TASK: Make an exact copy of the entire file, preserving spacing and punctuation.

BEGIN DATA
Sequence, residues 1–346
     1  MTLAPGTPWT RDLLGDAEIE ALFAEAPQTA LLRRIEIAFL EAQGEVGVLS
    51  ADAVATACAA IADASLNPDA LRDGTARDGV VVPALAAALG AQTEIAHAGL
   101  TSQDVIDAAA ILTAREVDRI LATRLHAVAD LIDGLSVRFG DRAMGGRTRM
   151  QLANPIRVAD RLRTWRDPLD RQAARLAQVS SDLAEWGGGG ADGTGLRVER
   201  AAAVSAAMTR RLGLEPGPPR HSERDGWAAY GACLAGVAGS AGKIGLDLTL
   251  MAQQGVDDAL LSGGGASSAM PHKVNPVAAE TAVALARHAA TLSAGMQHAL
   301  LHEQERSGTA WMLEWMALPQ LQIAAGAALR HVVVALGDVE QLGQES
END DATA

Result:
Sequence, residues 1–346
     1  MTLAPGTPWT RDLLGDAEIE ALFAEAPQTA LLRRIEIAFL EAQGEVGVLS
    51  ADAVATACAA IADASLNPDA LRDGTARDGV VVPALAAALG AQTEIAHAGL
   101  TSQDVIDAAA ILTAREVDRI LATRLHAVAD LIDGLSVRFG DRAMGGRTRM
   151  QLANPIRVAD RLRTWRDPLD RQAARLAQVS SDLAEWGGGG ADGTGLRVER
   201  AAAVSAAMTR RLGLEPGPPR HSERDGWAAY GACLAGVAGS AGKIGLDLTL
   251  MAQQGVDDAL LSGGGASSAM PHKVNPVAAE TAVALARHAA TLSAGMQHAL
   301  LHEQERSGTA WMLEWMALPQ LQIAAGAALR HVVVALGDVE QLGQES